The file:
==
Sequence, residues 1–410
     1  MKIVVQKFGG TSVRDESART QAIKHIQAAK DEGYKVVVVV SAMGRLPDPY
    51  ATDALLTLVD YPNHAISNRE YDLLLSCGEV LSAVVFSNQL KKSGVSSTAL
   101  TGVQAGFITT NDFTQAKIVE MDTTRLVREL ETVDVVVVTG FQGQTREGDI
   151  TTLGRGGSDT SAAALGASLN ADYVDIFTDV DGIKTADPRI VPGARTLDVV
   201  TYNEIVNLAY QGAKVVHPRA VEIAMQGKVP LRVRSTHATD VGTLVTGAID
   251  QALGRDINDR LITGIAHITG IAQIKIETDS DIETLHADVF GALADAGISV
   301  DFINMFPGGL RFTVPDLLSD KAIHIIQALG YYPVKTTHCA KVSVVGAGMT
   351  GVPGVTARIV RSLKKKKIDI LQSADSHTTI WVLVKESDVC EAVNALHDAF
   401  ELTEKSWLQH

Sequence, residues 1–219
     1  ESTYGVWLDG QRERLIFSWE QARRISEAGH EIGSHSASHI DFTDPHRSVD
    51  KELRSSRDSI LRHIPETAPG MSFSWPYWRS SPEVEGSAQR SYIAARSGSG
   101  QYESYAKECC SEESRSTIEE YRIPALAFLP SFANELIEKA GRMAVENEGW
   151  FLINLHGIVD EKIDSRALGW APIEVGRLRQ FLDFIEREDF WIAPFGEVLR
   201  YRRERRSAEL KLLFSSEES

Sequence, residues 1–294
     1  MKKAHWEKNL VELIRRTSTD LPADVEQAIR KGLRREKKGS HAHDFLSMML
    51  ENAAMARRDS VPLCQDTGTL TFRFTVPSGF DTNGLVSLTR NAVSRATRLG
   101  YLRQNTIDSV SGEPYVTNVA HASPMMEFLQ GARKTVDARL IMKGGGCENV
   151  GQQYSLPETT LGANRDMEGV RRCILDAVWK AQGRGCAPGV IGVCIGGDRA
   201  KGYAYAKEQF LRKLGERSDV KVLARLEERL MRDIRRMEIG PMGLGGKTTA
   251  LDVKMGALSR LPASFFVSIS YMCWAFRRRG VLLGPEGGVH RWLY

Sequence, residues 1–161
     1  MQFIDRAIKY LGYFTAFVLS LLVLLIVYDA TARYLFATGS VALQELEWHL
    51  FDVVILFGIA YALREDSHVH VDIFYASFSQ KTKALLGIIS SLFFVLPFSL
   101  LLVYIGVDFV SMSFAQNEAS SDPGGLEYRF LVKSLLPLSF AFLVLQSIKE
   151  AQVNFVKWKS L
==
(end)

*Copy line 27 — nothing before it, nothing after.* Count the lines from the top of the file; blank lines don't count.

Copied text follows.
   101  LLVYIGVDFV SMSFAQNEAS SDPGGLEYRF LVKSLLPLSF AFLVLQSIKE